The Liberal government will bring its proposal to increase the inclusion rate on capital gains to the House of Commons before the parliamentary summer break, Finance Minister Chrystia Freeland said Tuesday.

"In the coming weeks, and certainly before the House rises, we will begin the legislative process to implement our increase in the inclusion rate," Freeland confirmed during a news conference.

The finance minister announced the capital gains tax changes as part of her April budget, but left the new inclusion rate out of the budget legislation she tabled last month.

The Liberals must table a motion in the House of Commons before they bring forward the actual legislation. 

The government says that even if a bill has not yet passed, the change will take effect on June 25.

The government proposes to make two-thirds of capital gains taxable. Currently, only one-half of the profits made on the sale of assets — such as stocks or secondary real estate property — are taxed.

The higher inclusion rate will apply to all capital gains realized by corporations, while individuals will only face the higher inclusion rate on capital gains of more than $250,000.

The idea has garnered significant attention and pushback.

Lobby groups representing businesses and physicians who expect to be affected by the changes have called on the government to reconsider the increase to the inclusion rate.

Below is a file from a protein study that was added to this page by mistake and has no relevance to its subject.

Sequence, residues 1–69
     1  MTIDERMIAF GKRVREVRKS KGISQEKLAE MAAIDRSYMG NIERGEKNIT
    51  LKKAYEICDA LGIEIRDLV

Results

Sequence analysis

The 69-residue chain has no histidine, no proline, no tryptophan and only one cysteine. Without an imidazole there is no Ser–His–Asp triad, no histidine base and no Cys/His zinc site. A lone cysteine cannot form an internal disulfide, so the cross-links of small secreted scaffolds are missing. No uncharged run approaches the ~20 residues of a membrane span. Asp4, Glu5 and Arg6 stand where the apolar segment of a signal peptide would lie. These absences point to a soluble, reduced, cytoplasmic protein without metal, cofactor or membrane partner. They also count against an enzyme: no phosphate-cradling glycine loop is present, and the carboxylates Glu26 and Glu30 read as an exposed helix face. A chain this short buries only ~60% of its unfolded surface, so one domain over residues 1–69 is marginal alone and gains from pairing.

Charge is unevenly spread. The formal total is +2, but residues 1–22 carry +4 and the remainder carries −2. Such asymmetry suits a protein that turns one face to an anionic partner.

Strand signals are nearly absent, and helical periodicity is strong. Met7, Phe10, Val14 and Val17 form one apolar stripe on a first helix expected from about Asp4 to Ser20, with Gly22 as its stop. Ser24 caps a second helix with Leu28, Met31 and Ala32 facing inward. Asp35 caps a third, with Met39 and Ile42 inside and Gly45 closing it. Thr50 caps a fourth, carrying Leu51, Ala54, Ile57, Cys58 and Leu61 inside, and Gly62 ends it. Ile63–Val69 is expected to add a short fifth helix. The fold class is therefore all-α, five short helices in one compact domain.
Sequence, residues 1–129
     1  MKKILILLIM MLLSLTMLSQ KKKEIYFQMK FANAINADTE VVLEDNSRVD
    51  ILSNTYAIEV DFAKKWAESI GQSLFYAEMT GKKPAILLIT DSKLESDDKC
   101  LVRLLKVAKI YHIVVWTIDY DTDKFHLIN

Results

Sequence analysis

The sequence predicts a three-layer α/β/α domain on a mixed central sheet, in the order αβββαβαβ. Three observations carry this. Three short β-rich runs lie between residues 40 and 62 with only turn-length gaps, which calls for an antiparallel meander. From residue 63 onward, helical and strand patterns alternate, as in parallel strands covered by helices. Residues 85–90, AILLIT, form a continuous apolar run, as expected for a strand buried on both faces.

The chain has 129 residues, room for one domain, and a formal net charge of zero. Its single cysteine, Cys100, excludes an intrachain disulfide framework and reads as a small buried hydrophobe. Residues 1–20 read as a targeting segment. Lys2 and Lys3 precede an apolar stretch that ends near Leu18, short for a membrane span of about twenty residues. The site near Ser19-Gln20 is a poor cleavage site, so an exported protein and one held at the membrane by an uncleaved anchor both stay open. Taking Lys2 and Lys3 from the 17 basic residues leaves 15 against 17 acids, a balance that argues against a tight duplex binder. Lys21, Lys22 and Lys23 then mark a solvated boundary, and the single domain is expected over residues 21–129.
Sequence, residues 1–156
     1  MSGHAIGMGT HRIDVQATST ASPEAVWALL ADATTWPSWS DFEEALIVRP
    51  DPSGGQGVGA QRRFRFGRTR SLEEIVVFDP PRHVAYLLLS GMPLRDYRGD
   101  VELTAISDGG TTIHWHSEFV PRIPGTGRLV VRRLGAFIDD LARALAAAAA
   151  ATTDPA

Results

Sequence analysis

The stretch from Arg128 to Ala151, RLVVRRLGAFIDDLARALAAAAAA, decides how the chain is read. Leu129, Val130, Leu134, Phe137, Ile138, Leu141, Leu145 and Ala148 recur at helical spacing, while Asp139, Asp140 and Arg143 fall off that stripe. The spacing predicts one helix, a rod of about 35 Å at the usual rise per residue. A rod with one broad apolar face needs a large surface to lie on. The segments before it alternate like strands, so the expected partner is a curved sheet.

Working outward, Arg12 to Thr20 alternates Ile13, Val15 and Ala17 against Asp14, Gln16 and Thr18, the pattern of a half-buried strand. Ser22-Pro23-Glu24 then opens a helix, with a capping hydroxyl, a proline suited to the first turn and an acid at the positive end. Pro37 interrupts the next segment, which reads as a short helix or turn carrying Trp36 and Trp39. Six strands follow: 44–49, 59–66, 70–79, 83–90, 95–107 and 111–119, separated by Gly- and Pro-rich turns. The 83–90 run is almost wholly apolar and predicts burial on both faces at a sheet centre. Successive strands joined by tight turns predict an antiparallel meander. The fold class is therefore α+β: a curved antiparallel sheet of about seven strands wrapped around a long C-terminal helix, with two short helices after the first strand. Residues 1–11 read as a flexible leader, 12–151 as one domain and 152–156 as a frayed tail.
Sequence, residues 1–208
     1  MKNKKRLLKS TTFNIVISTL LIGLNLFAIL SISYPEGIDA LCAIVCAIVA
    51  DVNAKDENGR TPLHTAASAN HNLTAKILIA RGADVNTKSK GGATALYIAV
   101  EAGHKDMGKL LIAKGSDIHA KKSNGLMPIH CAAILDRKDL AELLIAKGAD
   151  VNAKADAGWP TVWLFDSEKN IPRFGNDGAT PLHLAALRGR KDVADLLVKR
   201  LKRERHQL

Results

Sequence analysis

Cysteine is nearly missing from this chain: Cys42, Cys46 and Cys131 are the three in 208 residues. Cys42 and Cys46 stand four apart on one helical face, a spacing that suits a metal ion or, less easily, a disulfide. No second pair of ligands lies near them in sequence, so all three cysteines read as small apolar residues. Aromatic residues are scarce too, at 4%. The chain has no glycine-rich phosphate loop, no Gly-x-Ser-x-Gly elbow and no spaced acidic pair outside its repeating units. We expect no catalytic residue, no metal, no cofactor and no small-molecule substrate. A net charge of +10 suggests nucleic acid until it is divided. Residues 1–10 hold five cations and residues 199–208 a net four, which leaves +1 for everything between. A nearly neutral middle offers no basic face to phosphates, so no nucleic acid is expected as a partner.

However, Liberals have defended the effective tax increase on capital gains, arguing that Canada needs to raise more revenue to pay for things like housing and health care. 

The Liberal government estimates the higher inclusion rate will generate $19.4 billion over the next five years.

Introducing the capital gains tax changes in a stand-alone bill will force every federal party to take a position on the proposal. 

As Conservative Leader Pierre Poilievre looks to court the working-class vote, it remains unclear how his party will navigate the vote. 

Freeland took the opportunity on Tuesday to call Poilievre out for not taking a stance on the proposed tax changes yet. 

"I have certainly observed over the past week the Conservative leader equivocating, dodging, deflecting when asked about his position on our plan for tax fairness," Freeland said.

"It is important for Canadians to insist on a clear answer from the Conservatives on tax fairness. And ... depending on what answer we get, Canadians will know whose side the Conservatives are really on."

In response to a question asking how the party will vote, Conservative party spokesman Sebastian Skamski said in an emailed statement: "The legislation you are asking about doesn’t exist yet due to Justin Trudeau’s incompetence, so it’s impossible for us to weigh in on the matter."

While they were quick to come out and oppose the budget after it was presented last month, they have yet to say whether they will support a capital gains bill.

In an opinion piece penned for the National Post earlier this month, Poilievre suggested he won't fight against the tax changes on behalf of business lobbies. 

Instead, he said businesses themselves need to convince Canadians why the policy is a bad idea.

This report by The Canadian Press was first published May 21, 2024.